So, the question is what’s focus stacking and why would you want to use this technique?
Photography focus stacking is a technique used within many genres of photography mostly associated with landscape and macro photography to increase the depth of field in an image, allowing the photographer to capture sharp images from foreground to background. This is particularly useful in landscape photography, where the photographer may want to capture a wide range of detail from the front of the scene to the distant horizon. It can also be useful in macro photography, where the depth of field is often very shallow.
When the focus stacking technique is used its possible to create images that are sharp from the very front and all the way to the back regardless of the distance between foreground and background subjects.
It’s less common in Railway Photography though, photographing moving subjects or changing scenes making the technique slightly more challenging.
Focus stacking is a part of post-processing, but the process starts long before you start editing the photos, a successful focus stacked image is all in the planning.
There are a few things to consider when focus stacking manually. It’s important to use a consistent aperture and exposure for each shot, to ensure that the final image looks natural.
Finally, It’s important to keep the camera as still as possible for each shot, to ensure that the images align correctly, it’s important to be patient and take the time to carefully align the images, as any misalignment will be noticeable in the final image.
For a railway focus stack, I would typically take one photo focused on the main railway subject, another couple where I focused on the foreground, then one more focused on the background. It’s all in the planning though, I compose my images knowing that the final result will be generated by merging the images together in post processing.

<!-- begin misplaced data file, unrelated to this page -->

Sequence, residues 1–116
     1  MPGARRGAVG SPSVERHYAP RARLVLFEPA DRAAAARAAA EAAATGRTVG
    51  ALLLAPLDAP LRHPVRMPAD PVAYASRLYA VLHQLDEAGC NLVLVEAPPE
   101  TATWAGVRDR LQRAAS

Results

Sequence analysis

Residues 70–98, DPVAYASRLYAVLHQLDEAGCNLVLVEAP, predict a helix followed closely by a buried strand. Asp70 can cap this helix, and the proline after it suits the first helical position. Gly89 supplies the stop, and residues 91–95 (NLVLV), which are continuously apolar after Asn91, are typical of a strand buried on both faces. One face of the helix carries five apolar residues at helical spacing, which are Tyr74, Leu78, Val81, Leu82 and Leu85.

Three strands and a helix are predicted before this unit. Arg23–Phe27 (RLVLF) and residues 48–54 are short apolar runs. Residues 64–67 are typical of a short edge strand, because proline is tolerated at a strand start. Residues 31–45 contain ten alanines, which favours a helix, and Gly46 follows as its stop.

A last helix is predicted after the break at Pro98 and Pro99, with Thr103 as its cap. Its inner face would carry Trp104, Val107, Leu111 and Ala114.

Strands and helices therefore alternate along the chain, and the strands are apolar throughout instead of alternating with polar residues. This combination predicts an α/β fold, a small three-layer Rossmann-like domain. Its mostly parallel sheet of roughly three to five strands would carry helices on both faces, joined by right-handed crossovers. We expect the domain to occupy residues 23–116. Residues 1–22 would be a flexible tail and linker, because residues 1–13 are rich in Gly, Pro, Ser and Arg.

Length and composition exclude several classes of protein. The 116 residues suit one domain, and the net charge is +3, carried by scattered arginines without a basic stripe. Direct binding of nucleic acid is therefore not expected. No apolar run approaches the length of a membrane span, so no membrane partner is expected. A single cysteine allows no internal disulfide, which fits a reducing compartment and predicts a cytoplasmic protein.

There are a few different ways to achieve focus stacking in photography.
One common method is to take multiple photographs at different focus points, and then use software to combine the images into a single image with increased depth of field. This can be done manually, by taking the photographs and combining them in post-processing software such as Adobe Photoshop or Lightroom.
Focus stacking can also be done automatically, using a focus stacking function built into some cameras.
These functions work by taking a series of images at different focus points, and then automatically blending them together in the camera. This can be a convenient option, but it does have some limitations and will be almost impossible to capture a successful moving railway shot using this method.
How many images are required?
A minimum of three, foreground, mid and distance views, although if you are composing a shot with lots of close foreground detail many more images may be required.
What Camera settings should I use?
Shooting in manual mode is essential, keep the exposure, aperture, and white balance the same ensuring all are the same for each image, focus can be manual or automatic which ever works best shooting in the field, I generally use a single point automatic focus point, selecting various points from foreground to distance.
Do I need a Tripod?
A tripod isn’t essential, but the camera mustn’t move between frames, a tripod does make the post processing work more likely to be successful though.
It’s always a good idea to shoot a little wider when handheld, to compensate for movement between shots.
Do I need Editing Software?
Yes, Focus Stacking is as much a field exercise as it is an editing process, the result is an edited image relying on planned images from the field. If you mess up the shooting, focus stacking can be a painstaking and impossible task later. Photoshop does the heavy work and will take in the images automatically create layers and mask the sharp sections from each photograph, essentially blending the sharp sections from each image.
Overall, focus stacking is a great technique to have in your toolkit as a photographer. It can help you capture scenes with stunning detail and clarity and add a whole new dimension to your photography. Give it a try and see what kind of results you can achieve!
Article and images by Andrew Shenton
Phoenix Railway Photographic Circle